It must be said that Thriller Live really misses an opportunity here to serve up a substantial musical about the life of Michael Jackson, which is just begging to be written. Termed as a ‘jukebox musical’, it teetered dangerously close to an X-Factor competition at times. The soloists, all gifted singers, brought various elements of Michael Jackson’s songs to life; but each song unfolded with a variety of vocalists rotating a few lines each in their best imitations, which quickly became jarring to listen to.
The first act was peppered with sparse narrative (if it could even be called that) only informing the audience of Jackson’s musical accolades and offering nothing on his life. Thriller Live has been touring for a decade and it feels it; the choreography was clunky and often drew the eyes to too many places, or too few. The ballads particularly suffered from the lack of staging, often leaving just one or two performers trying and failing to command the entire stage with a solitary spotlight.
The young performer who sings I Want You Back was suspiciously absent from the ensemble, appearing only on the screen whilst jumpsuit-clad girls grated wildly in front of his wholesome face. It would have been better to see him on stage and singing more than just one of the Jackson Five numbers, but for whatever reason they decided to go without. The highlight of the act was Ben, appearing in the first medley, which was beautifully executed by Ina Seidon, the best singer by a long shot (it’s criminal she isn’t a lead vocalist).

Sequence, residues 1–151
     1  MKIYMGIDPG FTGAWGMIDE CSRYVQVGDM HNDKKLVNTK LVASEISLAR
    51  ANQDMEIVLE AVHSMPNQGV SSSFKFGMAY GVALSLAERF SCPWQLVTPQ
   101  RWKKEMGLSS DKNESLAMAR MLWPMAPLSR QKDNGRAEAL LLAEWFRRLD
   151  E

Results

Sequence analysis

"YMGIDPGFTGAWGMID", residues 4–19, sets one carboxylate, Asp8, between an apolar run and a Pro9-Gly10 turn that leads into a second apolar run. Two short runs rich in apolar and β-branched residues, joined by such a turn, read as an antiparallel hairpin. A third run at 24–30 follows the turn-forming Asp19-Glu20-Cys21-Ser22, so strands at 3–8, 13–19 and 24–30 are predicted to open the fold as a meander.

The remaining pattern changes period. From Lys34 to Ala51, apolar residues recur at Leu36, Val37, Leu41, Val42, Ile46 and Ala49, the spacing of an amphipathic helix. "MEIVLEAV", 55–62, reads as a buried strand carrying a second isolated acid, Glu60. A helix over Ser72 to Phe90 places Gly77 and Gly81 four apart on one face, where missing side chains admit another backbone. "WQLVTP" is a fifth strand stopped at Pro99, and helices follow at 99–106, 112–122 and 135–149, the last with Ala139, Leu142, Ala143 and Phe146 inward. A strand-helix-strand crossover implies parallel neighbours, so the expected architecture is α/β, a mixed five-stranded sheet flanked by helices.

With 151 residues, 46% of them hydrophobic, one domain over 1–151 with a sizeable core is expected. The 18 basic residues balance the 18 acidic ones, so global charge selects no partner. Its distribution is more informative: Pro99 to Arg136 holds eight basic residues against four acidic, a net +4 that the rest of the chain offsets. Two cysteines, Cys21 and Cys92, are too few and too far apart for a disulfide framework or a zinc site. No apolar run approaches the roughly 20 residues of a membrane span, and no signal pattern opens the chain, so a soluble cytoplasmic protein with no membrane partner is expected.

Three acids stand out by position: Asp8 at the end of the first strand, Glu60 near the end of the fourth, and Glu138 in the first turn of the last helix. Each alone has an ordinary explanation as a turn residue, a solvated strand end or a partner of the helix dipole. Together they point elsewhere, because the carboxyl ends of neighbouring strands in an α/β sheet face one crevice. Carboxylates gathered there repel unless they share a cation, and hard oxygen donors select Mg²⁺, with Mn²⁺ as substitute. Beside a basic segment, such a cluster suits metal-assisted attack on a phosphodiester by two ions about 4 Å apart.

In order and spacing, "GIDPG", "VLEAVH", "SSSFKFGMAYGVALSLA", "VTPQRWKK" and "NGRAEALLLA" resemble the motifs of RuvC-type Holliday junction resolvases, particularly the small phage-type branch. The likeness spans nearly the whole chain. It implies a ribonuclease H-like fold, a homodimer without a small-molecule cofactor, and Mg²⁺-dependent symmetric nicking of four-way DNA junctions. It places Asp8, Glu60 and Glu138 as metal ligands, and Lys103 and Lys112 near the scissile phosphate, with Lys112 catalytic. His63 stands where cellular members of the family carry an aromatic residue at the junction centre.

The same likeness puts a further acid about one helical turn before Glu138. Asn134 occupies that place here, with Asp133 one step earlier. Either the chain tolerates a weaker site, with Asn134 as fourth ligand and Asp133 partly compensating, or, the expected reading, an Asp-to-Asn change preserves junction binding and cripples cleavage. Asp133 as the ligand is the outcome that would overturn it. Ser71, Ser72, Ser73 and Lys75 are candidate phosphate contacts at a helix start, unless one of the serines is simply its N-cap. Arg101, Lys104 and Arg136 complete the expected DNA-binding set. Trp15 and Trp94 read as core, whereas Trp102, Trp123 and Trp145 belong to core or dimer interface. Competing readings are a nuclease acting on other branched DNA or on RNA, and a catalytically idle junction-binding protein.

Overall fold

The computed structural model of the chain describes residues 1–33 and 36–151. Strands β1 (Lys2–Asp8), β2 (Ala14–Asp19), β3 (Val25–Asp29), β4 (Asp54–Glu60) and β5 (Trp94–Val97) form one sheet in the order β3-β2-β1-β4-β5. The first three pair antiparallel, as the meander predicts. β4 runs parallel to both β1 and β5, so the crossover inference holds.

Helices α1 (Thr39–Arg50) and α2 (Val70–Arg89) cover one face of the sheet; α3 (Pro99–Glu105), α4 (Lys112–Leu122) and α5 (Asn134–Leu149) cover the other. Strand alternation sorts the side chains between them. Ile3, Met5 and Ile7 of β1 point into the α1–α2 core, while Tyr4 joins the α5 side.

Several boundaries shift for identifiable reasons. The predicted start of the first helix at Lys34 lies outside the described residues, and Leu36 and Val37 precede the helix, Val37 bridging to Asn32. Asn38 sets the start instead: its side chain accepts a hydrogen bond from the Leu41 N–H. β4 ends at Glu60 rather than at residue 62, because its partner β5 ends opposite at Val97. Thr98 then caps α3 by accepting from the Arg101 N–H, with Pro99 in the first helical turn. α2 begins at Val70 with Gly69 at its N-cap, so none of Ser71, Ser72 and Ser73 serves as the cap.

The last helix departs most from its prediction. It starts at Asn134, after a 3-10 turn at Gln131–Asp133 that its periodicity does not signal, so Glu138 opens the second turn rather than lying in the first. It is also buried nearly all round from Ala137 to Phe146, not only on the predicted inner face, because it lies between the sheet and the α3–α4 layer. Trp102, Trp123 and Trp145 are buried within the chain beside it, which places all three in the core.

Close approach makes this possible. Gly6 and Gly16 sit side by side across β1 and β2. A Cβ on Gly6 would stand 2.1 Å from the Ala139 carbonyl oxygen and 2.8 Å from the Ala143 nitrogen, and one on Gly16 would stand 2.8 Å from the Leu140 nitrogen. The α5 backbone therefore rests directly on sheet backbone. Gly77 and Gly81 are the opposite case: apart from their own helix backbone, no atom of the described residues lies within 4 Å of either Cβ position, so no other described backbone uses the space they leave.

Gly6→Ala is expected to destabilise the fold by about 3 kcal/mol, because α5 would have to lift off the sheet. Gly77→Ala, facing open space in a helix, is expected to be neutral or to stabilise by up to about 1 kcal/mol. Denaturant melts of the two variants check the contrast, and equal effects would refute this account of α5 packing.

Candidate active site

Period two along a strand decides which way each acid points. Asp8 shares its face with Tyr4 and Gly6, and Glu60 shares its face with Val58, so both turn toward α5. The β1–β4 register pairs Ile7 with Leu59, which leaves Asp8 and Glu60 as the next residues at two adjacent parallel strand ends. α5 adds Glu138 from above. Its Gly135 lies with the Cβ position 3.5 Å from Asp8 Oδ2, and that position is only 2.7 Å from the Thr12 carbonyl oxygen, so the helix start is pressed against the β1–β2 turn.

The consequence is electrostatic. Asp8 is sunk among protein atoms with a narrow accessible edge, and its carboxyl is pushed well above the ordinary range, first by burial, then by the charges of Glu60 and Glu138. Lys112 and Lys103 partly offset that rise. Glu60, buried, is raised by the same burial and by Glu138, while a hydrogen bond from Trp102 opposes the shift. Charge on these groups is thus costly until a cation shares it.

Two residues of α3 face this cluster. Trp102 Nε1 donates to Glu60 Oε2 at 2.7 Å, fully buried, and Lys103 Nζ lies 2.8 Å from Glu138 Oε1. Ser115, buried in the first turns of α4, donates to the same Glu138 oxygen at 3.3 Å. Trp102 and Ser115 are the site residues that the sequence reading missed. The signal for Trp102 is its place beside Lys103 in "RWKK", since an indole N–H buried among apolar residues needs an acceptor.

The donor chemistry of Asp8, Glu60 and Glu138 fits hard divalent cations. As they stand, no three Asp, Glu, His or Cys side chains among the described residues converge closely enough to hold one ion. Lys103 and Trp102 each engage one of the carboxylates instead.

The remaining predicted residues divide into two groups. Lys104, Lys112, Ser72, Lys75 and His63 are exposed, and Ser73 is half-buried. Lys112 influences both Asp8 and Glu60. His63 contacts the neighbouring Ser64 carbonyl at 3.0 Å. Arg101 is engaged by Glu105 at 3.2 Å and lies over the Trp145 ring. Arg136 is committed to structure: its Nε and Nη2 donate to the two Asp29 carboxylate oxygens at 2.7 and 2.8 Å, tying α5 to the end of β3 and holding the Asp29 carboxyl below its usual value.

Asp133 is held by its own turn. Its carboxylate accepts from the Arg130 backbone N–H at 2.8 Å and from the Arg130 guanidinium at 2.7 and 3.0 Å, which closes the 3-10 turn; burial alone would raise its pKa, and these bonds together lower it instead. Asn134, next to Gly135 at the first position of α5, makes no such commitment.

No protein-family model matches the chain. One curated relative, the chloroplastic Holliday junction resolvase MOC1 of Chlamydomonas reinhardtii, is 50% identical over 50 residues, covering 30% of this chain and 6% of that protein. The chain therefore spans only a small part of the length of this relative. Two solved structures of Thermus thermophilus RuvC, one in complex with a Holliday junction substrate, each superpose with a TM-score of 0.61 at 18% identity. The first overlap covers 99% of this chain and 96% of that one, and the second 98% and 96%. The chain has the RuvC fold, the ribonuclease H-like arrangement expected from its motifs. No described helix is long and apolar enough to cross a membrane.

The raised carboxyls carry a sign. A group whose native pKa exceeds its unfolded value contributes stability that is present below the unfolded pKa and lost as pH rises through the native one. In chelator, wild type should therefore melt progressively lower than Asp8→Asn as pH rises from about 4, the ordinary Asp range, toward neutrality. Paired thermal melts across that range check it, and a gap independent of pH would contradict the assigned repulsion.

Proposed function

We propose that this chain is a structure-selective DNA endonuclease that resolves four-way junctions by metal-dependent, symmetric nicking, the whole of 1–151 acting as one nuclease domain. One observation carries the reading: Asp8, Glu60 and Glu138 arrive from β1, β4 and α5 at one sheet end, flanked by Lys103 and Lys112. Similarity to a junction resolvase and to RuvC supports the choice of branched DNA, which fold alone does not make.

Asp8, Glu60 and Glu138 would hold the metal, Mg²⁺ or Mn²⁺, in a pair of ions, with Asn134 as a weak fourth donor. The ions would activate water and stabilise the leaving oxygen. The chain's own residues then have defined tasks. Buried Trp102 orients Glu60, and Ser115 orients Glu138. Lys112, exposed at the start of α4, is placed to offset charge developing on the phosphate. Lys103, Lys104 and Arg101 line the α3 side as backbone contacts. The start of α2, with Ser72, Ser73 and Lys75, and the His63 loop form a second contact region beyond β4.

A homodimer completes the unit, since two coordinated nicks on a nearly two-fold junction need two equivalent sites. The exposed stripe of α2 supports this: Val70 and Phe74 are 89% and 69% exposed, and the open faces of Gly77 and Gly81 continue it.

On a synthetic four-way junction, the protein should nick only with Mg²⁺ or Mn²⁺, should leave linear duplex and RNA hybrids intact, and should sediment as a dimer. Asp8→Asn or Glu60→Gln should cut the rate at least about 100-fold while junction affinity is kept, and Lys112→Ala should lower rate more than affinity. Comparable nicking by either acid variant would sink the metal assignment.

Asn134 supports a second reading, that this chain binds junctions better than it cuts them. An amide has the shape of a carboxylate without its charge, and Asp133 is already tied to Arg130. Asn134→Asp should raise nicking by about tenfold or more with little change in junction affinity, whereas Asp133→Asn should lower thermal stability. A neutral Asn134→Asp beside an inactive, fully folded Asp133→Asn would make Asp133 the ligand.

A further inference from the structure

The second act was much stronger with hits from Bad and Thriller; with punchy, group-synchronised choreography filling the stage. If everyone on stage danced with the gusto and precision of Paris Johnson, the whole thing would feel tighter and fresher. The biggest numbers; Billie Jean, Bad, Earth-Song, and Thriller had more fluid choreography, better costumes and more sophisticated stage effects. We got a brief glimpse of the band – they were sadly tucked away behind the screens and without them it felt a little gimmicky, however they did appear at points to blast us with a suitable ripping solo.
Overall, the mish-mash costumes, choreography and singing styles meant the whole production fell more than a little short of the reputation that precedes it. The show is coining itself as a celebration of the life and music of Michael Jackson – it would have been nice if it actually had been. As it is, the show does little to inform or engage those in the audience who aren’t too familiar with his life and work outside of the big hits.
Thriller Live runs at Edinburgh’s Festival Theatre until Sat 19th May